cyberbullying

Social Media Profiles: Why Parents Having One Can Help Stop Cyberbullying

Cyberbullying through social media profiles is becoming more and more of a problem with each passing year – especially within the United States.

One report confirms that at least one million children were threatened, harassed, or subjected to other types of cyberbullying in 2011 on Facebook alone. Those figures have only increased over the past three years.

Many parents assume that social media profiles are primarily designed for their children, and choose not to get involved with them. Quite a few others who have become huge fans of social media profiles personally do not pay close enough attention to their children’s accounts – primarily when it comes to their interactions with other people.

According to the American Osteopathic Association, only one in six parents are aware that their child is being bullied through a social networking website. However, by having a profile and actively keeping watch over the conversations and interactions that a child is having, his or her parent can detect signs of cyberbullying and other predatory attacks in their early stages.

A skeptical and reluctant parent might choose to stay away from their child’s profile in fear of invading their privacy. Keep in mind that you do not have to continuously monitor your child’s social media account as if you were staring a surveillance security camera – waiting for a criminal to appear.

Pay close attention to such areas as the comments on their pictures as well as the messages posted by other people on their walls and Twitter feeds.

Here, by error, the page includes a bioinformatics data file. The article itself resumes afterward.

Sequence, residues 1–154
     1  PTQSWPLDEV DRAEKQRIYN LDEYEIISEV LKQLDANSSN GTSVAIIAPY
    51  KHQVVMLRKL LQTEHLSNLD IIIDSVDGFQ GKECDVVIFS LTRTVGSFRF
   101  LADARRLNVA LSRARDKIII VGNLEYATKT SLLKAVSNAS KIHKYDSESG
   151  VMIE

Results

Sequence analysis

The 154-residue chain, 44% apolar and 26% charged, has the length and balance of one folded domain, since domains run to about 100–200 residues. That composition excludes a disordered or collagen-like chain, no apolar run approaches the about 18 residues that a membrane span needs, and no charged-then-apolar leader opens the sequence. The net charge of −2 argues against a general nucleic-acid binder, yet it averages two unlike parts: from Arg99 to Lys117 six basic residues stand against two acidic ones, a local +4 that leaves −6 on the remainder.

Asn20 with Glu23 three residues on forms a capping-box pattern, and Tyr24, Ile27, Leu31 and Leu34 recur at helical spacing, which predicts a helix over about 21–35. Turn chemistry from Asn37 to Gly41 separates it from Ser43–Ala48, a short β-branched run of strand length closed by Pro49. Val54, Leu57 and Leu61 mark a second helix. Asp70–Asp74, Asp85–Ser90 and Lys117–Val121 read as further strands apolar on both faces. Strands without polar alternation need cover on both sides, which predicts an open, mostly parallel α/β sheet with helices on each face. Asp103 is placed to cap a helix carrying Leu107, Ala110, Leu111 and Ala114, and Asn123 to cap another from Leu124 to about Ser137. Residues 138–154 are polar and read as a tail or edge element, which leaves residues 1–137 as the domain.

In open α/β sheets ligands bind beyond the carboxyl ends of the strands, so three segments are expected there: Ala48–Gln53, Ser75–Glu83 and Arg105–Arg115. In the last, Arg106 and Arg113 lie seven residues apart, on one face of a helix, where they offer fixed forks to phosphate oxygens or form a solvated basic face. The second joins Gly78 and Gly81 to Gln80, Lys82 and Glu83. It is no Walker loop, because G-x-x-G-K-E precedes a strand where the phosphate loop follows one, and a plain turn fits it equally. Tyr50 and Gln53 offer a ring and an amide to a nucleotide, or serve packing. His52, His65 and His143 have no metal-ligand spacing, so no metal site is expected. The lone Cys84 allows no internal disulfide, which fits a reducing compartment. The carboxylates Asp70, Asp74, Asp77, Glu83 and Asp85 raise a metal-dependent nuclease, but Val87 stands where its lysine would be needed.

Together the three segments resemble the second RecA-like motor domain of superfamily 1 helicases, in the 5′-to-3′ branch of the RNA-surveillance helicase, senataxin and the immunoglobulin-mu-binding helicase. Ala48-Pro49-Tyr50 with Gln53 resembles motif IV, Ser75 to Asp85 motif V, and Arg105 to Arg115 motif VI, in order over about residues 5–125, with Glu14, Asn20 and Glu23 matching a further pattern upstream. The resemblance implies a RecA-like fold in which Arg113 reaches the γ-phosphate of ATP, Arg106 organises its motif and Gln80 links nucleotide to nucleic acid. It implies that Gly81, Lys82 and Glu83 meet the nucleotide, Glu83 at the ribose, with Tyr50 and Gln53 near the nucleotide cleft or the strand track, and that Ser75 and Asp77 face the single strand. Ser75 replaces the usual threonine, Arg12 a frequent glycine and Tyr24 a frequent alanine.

Statistics show that over 80 percent of teenagers spend a considerable amount of time commenting on their friends’ pictures and on their walls.

Keep in mind that just because a person might be listed as an online friend does not mean that they are necessarily friendly online.

There is a dark side to social media profiles that many parents do not fully understand, simply because they either do not have a social media profile at all or do not want to actively stay connected to their child’s profile.

For instance, 24 percent of teenagers have had embarrassing information that was supposed to be kept private made public on Facebook without their permission. Nearly 30 percent have been contacted by an absolute stranger or even stalked through their Facebook profile. A statistic that is even more alarming is the fact that well over 50 percent of teenagers have given out their personal information to people that they do not know through Facebook – including access to their pictures and physical descriptions.

Parents should not view taking an active role to stay connected to their children’s social media profiles as a way to invade their privacy or create a wedge in their relationship. On the contrary, it should be viewed as an effective way to stop cyberbullying and possibly save their life.

[Image Credit: WGBH News]

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